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5 things to know before climbing the Aconcagua

He started a new season at Cerro Aconcagua. Thousands of walkers arrive in Mendoza. Here are some things to keep in mind.


The summit of America. The highest hill in the world after the Himalayan cord.  6962 meters high . All that means Aconcagua Hill. Many climbers climb it as a previous step to face the so feared Everest. Others have it as a goal to meet sometime in their lives. Not only do professional andinists face it, but also ordinary people, athletes, who want to achieve different goals. If you're in any of these cases, this note is for you.

 1. Season in Aconcagua provincial park 

The park administration is provincial. It is important to take this into account since any procedure, payment of fees, obtaining access, etc. must be done in Mendoza. The season runs from  November to March . On average,  7 thousand people enter  the Aconcagua  provincial park  in that period.

 2.  Rates

From $3,000 to $59.000 (950 USD). The wide range of prices is explained by the fact that rates vary according to multiple factors. The origin of the andinista is taken into account. This is if it is a foreign or national person. In the second case, in addition, it is distinguished between Mendoza or from other provinces. The timing of the season is also taken into account as, as presumably, there is high and low season. Another important factor is whether you are going to climb the normal track or the south sector. That also determines the cost of the shipment. On the other hand, the price also changes if assistance is contracted for our shipment. Finally, it is also important to mention that the price varies depending on the route we want to do since, as explained below, you not only enter the Aconcagua provincial park to summit. There are also other tours,  trekkings , etc.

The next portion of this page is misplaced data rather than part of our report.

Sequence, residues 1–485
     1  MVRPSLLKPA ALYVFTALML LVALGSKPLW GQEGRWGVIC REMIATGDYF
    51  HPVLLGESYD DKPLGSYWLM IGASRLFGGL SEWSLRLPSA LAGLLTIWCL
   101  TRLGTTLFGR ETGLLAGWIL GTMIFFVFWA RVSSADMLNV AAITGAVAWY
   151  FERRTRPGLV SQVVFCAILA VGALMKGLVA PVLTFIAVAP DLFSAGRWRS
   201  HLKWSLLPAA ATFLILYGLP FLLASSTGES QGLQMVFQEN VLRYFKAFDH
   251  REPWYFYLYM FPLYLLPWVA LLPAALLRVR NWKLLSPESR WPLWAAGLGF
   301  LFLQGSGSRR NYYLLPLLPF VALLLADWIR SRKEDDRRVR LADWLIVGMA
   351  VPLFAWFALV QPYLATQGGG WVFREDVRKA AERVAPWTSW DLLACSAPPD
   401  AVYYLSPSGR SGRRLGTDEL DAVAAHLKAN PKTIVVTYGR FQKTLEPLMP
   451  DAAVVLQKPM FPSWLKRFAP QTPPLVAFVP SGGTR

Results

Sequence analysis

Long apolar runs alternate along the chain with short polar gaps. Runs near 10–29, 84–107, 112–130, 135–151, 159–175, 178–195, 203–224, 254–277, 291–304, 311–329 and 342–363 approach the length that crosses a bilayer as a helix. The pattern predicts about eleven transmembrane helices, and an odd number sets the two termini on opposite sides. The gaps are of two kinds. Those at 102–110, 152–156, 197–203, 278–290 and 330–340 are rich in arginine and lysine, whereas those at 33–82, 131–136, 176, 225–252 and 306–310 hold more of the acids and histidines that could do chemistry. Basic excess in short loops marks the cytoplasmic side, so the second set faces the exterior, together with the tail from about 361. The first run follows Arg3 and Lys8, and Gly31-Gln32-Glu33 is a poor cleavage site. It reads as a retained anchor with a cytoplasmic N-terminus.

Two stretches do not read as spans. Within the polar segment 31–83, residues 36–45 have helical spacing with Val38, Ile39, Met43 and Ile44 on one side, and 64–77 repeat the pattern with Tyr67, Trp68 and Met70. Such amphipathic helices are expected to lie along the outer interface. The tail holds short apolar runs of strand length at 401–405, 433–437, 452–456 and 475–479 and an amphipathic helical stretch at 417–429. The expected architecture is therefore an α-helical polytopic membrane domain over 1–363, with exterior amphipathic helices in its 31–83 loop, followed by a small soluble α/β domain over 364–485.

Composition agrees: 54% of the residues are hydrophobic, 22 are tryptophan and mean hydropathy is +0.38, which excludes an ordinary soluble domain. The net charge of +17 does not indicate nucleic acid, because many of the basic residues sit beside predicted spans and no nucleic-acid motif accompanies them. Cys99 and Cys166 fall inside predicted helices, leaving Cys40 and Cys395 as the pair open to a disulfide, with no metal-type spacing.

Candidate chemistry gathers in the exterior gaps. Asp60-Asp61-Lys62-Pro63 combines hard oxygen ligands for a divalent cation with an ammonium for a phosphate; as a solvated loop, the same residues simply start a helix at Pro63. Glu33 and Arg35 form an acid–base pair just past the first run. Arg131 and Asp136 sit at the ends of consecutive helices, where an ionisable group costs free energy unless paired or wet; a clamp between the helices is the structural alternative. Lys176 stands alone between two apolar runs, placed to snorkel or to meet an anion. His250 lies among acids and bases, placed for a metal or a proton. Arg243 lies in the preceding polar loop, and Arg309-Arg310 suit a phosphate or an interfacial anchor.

3. It's not just the rate 

Upload the Aconcagua includes other types of obligatory expenses other than the fee and permits. Take into account the  equipment  that, rented or purchased, is very expensive. We also have to consider the  fees of the guide  that will accompany us and which, in many cases, will save our lives. It's just that we can be very well trained, but  you never know if we can summit until we're there . Go raising the altitude, climbing meters above sea level and having  less oxygen to breathe . Only in those circumstances will we know if we can keep going up or if we should go down. And that is why the figure of the guide is essential. It will be he who will evaluate us and have the final word on whether it is risky to continue or not.

 4. Different circuits and routes 

Many times the mountaineers who summit in Aconcagua have completed different circuits previously, within the same park. The minimum that can be done inside this, and with zero difficulty, is the route of Laguna de Horcones. It is about walking along trails around the lagoon for about 500 meters. Then there are a series of  trekkings  that can be completed on the  day or  , the longest,  in 7 days  . They are all part of the same ascent route, but you only reach a certain base and start the return. Finally there is the most sought after option: ascent.

 5. Via Normal and Vía Sur 

These are the two options to enter the park. The Via Normal has its entrance through the Horcones Lagoon and is the easiest and most used. To summit this road does not require mountain training. He walks permanently. Although, of course, you do need physical fitness and strong preparation. On the other hand, the Vía Sur, known as the Valle de Vacas, is the most complicated. It only offers a choice of trekking and climbing. On its way there is the dreaded  “Glacier of the Poles”.  As the name indicates, a glacier of immeasurable size that has claimed the lives of dozens of climbing players over the years.

 Bonus track 

The data we all like. Historical records and ascents:

  • Swiss Matthias Zurbriggen was the  first person  to summit in 1897.
  • The first  ascent in the middle of winter  was carried out by an Argentine expedition in 1953.
  • American Tyler Armstrong is the  youngest person  to climb Aconcagua. It was in 2013 and was 9 years old.
  • With 11 hours and 52 minutes, Ecuadorian Karl Egloff has the  fastest ascent and descent record . He got it in 2015. The data becomes vital if we consider that, on average, the ascent expeditions last 12 days.

Publication Date: 23/11/2019

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By: Oscar Cid 17 February, 2020

Gracias por la info!

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